Example. Ben files Chapter 7 bankruptcy. He owes back child support in the amount of $12,000. He also owes $25,000 in credit card debt. He owns an RV that he cannot exempt, so the trustee sells the RV for $10,000. The trustee's expenses, including fees, for the sale of the RV total $1,500. The remaining $8,500 of the proceeds will be paid to the state for the child support arrears; the credit card companies will receive nothing, and the credit card debt will be discharged. Ben will still be responsible for the remaining $3,500 in back child support.
Example. Kyle was sued by the family of a man he killed in a drunk driving accident. The court awarded the family $500,000 in wrongful death damages, and Kyle is responsible for the full amount. He also owes $25,000 in credit card debt. Kyle is unemployed, so he files Chapter 7 bankruptcy. His estate has no assets, so none of Kyle's creditors will receive payment. The credit card debt will be discharged; however, Kyle will still be responsible for the $500,000 wrongful death judgment.
Secured claims are claims for debts that are secured by an interest in property. A secured creditor can take that property, the collateral, if you default on the debt. The most common secured loans are car loans and mortgage loans, but you may also have secured loans for furniture, jewelry, watercraft, and other types of property.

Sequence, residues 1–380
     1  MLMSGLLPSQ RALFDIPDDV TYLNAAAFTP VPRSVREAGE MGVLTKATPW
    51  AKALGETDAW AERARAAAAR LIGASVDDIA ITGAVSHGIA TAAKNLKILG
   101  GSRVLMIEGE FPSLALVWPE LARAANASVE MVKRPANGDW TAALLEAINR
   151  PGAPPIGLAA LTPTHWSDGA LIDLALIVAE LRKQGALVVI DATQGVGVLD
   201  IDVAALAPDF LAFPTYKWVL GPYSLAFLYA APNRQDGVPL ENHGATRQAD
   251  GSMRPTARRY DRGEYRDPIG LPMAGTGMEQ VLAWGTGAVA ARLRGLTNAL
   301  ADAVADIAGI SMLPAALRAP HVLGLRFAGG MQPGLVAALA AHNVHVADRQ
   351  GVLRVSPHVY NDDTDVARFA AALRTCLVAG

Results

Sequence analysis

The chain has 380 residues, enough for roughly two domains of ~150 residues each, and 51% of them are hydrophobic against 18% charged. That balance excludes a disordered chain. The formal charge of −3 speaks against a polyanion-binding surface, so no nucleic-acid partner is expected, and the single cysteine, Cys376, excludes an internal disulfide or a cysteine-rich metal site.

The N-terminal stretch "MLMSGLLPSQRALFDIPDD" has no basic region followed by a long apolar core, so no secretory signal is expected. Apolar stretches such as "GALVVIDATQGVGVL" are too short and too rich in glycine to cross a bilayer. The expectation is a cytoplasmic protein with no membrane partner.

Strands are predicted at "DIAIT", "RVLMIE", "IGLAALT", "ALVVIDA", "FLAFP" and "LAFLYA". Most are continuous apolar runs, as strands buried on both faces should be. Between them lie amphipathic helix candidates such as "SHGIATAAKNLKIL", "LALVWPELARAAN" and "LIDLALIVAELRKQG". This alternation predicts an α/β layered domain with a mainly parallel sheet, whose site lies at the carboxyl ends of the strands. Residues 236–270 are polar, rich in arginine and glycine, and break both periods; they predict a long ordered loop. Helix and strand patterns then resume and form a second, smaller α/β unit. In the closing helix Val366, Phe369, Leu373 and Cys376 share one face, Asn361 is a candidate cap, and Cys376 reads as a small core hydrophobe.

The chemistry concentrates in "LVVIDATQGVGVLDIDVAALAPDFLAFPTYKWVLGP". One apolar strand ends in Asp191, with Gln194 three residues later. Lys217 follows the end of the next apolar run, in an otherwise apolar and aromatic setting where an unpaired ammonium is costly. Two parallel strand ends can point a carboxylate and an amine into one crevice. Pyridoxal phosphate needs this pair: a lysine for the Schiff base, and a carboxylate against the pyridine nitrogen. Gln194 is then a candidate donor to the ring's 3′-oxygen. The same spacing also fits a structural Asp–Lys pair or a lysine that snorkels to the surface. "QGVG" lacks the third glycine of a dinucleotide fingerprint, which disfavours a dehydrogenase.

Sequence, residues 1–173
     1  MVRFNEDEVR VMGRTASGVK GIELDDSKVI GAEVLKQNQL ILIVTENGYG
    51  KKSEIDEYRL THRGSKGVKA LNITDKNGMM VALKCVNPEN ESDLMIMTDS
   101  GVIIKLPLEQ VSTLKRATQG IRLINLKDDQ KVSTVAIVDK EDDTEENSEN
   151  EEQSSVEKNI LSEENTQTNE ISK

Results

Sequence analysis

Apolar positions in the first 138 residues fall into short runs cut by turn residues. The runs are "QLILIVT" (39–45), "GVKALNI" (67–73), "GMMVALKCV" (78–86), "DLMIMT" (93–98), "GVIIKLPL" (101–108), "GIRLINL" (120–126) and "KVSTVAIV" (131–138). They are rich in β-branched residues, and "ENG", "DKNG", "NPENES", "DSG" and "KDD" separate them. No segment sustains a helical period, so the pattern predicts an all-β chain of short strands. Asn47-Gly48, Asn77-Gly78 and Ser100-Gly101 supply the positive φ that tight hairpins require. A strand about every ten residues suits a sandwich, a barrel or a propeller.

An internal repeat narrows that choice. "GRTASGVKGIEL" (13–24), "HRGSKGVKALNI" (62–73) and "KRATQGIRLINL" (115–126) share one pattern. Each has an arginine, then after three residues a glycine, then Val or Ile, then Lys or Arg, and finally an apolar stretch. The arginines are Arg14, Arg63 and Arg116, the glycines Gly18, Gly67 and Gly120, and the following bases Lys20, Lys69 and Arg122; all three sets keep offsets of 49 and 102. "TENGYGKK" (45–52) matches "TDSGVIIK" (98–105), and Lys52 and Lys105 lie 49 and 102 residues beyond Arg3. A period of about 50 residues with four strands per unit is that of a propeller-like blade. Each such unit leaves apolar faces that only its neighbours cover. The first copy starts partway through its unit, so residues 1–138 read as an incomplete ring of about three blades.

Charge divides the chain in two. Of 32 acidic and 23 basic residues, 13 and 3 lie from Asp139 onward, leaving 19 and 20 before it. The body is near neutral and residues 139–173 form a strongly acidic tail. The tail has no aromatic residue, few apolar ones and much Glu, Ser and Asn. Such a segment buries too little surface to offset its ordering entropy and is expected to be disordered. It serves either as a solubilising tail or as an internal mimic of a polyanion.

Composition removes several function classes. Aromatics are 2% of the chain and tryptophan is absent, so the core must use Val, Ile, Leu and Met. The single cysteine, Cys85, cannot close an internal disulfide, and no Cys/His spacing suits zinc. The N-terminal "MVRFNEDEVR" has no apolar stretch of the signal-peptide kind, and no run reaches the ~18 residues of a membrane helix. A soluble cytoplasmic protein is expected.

In a bankruptcy case, secured claims must be paid in full if you want to keep the property that secures the loan. If you choose to surrender the property (give it up), the loan is treated as a general unsecured debt.
Example. Dave owes $10,000 on his car; the car is worth $8,000. Dave files Chapter 7 bankruptcy; his estate has no assets. He cannot afford the car, so he chooses to surrender it. The dealership repossesses the vehicle and sells it for $4,000. The remaining $6,000 of the loan is discharged in Dave's bankruptcy.
Example. Sue files Chapter 13 bankruptcy to save her car. Her Chapter 13 plan proposes to pay the full balance of the loan, which is $8,000, plus interest. Two years into her Chapter 13 case, Sue suffers a pay cut at work and can no longer afford the car. She modifies her Chapter 13 plan to surrender the car. The current balance due is $5,000. The creditor repossesses the car and sells it for $2,000. The creditor must then amend its proof of claim with the bankruptcy court to reflect a general unsecured claim in the amount of $3,000, which will be paid pro rata along with all other general unsecured creditors.
Example. Joanne is underwater on her house; she owes $150,000 to the mortgage company, but her latest tax appraisal gives a value of $100,000. She has fallen behind on her mortgage payments. She files Chapter 7 bankruptcy and decides to surrender the house. She does have an investment account that she cannot fully exempt, and the trustee seizes $8,000 from the account. The mortgage company forecloses and sells the home for $60,000, leaving a deficiency of $90,000. The mortgage was Joanne's only debt. The trustee's fees for the seizure of the investment account total around $1,500, leaving $6,500 for creditors. The mortgage company receives the $6,500 and the remaining $83,500 deficiency balance is discharged.